No changes in retinal arterial or venous vessel diameters were observed after Ocufolin administration. Stimulation with flickering light increased retinal arterial diameter by 2.4 ± 2.7%, from 127.7 ± 18.1 to 130.9 ± 19.4 µm on study day one (p < 0.001). On study day two, a similar response was observed (1.8 ± 3.3% increase in diameter, from 126.7 ± 18.3 to 128.9 ± 18.2 µm, p = 0.01). No difference between the two study days in the increase in arterial diameter during stimulation with flickering light was observed (p = 0.46).
Retinal venous diameter also showed a significant increase during stimulation with flickering light on study day one (from 159.3 ± 20.5 to 167.6 ± 22.0µm, p < 0.001) as well as on study day two (from 160.4 ± 22.1 to 166.0 ± 21.8 µm, p < 0.001). The increase on the two study days was 5.2 ± 3.2% and 3.7 ± 3.1%, respectively (p = 0.10).
Stimulation with flickering light increased retinal arterial blood flow from 9.1 ± 4.3 to 13.7 ± 6.4 µl/min on study day one (p < 0.001). On study day two, a similar response was observed (increase in blood flow from 9.2 ± 4.7 to 11.9 ± 5.0 µl/min, p < 0.01). No difference was observed between the two study days (p = 0.68).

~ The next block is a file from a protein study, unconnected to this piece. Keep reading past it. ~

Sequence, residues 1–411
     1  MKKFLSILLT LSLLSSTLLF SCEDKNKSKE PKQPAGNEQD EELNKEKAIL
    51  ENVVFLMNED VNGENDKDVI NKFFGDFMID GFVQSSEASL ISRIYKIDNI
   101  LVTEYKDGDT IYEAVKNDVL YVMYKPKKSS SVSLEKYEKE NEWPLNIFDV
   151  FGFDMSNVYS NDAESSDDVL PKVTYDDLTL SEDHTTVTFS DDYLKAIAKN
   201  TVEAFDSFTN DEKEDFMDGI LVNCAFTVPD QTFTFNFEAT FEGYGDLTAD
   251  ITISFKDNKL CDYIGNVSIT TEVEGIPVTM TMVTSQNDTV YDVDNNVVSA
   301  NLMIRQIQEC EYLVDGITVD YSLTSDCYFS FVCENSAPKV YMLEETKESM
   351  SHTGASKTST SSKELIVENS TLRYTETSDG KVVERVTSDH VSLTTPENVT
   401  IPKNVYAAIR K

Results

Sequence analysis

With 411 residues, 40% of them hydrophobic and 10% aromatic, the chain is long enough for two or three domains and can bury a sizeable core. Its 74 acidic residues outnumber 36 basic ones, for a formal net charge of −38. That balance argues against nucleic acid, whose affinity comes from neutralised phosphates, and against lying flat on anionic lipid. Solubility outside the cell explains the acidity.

Retinal venous blood flow also showed a significant increase during stimulation with flickering light on study day one (from 9.9 ± 5.2 to 13.7 ± 7.7 µl/min, p < 0.01) as well as on study day two (from 10.1 ± 6.2 to 14.5 ± 7.4 µl/min, p < 0.01).
In 13 patients, measurements of total retinal blood flow could be obtained for both study days (Figure 2), while in the other patients, not all measurements were evaluable. After a three-month supplementation, a tendency toward an increased total retinal blood flow was observed, from 36.8 ± 12.9 µl/min to 39.2 ± 10.8 µl/min, but this effect did not reach the level of significance (p = 0.11).
In addition, a small but significant decrease in intraocular pressure was observed, from 14.8 ± 3.0 to 13.4 ± 2.2 mmHg (p < 0.02).
The aim of the present study was to investigate whether a combination of L-methylfolate and other supplements could alter systemic Hcy plasma concentration in patients with diabetes. The study met its primary goal and showed that, after a three-month supplementation, plasma Hcy levels significantly decreased from 14.2 ± 9.3 µmol/L to 9.6 ± 6.6 µmol/L, corresponding to a mean decrease of 32% ± 19%. As a secondary outcome, the current study indicates that there is a tendency toward an increased total retinal blood flow.